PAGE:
It All Comes Out in the Wash


Clothesline Photo: Renee Gunter

Clothesline Photo: Renee Gunter

I was going to write about sustainable landscaping – and I still will, but something else came up:

The Laundry.

Washing clothes is actually my least favorite chore right along with mopping the floor, taking out dripping trash, and investigating that “noise” in the middle of the night. Thus, I view the laundry task through a ‘necessary evil’ lens. But I like when it’s done. The problem is, it’s never done! I think I handle laundry fairly well for a household of four, but every time I get the last bit folded and put away on a Sunday night, the basket is already nearly half full with a new load, which is a real buzz kill.

Can’t you tell I could use some excitement in the laundry department?

Photo: Roy Montgomery

Photo: Roy Montgomery

So imagine my delight to stumble upon some countryfied laundry soap, made with old-school attitude by a sustainable minded sister from Los Angeles. And before you go glossy eyed on me: No, this is not an ad…in fact, she doesn’t even know how sprung I am on her mission. Yet.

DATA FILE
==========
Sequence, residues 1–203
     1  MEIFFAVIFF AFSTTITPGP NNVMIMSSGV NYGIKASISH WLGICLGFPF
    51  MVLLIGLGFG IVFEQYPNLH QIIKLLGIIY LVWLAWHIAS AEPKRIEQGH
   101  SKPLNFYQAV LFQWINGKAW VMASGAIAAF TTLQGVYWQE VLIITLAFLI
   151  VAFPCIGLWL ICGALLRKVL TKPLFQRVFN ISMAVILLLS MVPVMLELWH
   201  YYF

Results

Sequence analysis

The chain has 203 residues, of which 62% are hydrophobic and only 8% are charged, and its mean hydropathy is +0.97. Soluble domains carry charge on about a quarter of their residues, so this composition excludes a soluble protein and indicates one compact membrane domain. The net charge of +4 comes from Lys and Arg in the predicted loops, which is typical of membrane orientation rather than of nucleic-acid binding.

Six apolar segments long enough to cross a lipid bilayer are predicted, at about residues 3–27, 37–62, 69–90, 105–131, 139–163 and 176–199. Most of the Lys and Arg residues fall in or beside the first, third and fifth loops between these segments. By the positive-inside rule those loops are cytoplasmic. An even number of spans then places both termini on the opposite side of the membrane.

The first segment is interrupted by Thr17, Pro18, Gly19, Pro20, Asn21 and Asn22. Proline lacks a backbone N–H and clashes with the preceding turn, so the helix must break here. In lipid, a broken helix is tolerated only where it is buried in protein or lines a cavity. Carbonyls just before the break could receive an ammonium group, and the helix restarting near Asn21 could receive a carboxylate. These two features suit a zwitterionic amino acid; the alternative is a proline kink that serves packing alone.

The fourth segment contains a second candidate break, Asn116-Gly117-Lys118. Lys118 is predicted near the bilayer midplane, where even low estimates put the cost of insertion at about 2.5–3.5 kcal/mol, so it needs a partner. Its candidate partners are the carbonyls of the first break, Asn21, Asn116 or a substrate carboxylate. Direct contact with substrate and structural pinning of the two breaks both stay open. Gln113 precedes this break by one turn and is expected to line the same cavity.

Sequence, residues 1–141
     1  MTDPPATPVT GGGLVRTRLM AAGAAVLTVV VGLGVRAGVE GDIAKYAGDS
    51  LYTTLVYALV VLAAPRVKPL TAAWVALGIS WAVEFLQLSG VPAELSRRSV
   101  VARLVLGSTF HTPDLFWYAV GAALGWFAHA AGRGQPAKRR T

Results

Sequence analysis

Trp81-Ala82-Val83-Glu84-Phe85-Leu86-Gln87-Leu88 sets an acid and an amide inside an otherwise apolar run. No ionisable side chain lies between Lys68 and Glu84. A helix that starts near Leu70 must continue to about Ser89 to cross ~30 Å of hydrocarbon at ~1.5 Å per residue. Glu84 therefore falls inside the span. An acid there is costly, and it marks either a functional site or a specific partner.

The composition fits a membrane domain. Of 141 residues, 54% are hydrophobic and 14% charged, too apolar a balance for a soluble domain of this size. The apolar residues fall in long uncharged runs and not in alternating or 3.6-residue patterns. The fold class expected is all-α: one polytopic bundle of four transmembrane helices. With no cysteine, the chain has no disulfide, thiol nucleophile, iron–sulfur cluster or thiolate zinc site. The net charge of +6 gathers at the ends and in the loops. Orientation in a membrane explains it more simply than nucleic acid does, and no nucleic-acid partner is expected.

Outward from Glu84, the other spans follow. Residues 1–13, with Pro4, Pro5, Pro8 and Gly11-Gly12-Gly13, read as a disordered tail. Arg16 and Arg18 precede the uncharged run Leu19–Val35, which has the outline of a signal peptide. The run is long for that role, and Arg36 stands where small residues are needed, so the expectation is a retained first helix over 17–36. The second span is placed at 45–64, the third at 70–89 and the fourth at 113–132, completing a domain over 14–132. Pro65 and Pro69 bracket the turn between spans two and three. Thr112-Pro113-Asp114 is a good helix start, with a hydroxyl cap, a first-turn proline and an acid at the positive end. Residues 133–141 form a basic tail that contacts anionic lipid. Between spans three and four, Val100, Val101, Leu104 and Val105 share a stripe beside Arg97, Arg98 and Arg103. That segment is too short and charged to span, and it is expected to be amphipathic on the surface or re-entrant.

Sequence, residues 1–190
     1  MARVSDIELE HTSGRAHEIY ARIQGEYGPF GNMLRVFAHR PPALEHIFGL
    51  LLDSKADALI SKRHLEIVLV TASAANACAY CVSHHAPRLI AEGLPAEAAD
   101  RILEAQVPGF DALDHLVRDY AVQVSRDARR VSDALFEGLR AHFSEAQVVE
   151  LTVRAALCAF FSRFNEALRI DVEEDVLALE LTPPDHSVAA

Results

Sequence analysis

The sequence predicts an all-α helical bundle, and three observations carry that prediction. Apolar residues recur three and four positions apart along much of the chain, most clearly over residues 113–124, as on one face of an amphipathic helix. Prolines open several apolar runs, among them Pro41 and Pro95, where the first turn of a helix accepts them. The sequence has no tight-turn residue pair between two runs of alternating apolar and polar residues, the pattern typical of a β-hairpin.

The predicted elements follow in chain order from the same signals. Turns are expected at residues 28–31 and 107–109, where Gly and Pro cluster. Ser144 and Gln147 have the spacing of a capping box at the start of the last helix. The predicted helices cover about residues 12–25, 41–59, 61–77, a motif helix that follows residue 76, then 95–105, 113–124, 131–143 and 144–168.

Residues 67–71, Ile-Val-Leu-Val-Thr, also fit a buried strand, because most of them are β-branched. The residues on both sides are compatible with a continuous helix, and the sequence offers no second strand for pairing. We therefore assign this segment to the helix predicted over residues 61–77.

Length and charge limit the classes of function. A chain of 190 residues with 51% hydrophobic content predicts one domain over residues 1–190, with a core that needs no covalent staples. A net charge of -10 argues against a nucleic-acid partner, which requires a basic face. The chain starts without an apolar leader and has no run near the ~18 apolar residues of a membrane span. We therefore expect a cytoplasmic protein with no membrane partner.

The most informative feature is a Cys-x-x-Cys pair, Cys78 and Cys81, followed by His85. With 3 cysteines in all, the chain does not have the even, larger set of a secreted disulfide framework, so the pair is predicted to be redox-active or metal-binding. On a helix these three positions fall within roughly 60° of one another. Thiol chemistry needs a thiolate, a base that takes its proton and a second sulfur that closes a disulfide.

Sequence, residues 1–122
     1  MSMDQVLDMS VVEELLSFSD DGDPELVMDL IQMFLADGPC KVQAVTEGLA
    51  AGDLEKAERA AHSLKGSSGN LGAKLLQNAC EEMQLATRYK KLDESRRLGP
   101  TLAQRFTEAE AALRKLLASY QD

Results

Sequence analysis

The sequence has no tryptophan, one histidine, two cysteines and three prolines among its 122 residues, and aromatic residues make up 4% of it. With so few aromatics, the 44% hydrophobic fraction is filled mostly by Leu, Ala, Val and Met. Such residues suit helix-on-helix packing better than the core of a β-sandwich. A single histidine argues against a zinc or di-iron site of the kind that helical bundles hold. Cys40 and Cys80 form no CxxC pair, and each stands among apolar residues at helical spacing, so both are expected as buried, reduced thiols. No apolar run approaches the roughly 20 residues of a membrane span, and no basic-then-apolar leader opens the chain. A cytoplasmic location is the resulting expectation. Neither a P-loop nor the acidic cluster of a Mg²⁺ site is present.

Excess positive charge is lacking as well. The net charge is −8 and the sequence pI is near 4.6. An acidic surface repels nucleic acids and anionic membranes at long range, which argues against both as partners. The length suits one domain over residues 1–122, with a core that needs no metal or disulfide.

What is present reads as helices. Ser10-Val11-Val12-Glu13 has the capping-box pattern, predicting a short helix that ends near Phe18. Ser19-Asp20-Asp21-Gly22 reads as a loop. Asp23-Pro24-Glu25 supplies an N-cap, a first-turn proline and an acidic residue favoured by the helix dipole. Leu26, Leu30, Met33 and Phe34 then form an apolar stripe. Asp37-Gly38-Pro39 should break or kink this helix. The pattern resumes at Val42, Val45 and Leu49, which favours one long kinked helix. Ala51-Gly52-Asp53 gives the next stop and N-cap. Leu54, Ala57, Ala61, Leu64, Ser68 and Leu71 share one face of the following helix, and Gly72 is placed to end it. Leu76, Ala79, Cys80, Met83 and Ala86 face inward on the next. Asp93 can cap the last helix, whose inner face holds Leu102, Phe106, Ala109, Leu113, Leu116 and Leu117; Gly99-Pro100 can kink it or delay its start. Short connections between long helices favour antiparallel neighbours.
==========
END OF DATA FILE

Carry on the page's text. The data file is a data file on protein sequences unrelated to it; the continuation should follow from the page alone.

Renee Gunner

Renee Gunter

I actually heard about Renee Gunter and her sustainable landscaping and water saving from Outdoor Afro community member, birder, and backyard innovator Cindy Hopkins, but when I dug deeper, I found her Old School Brand blog, which is an adventure that takes us back to the days before the soap opera of TIDE improvements to a place I had completely forgotten existed. I admit that I had long ago bought into the jingle’s message that “Tide gets it clean“, but lately I have wondered to myself: at what cost?

Laundry might have taken all day in the basement, or in the backyard back in “Big Mama’s” youth because of the contemporary technology and orthodox methods needed to produce no less than perfectly starched, white collars. But in spite of the toil, it was sustainably done without health and environmental consequences.

Tools of the Trade

Tools of the Trade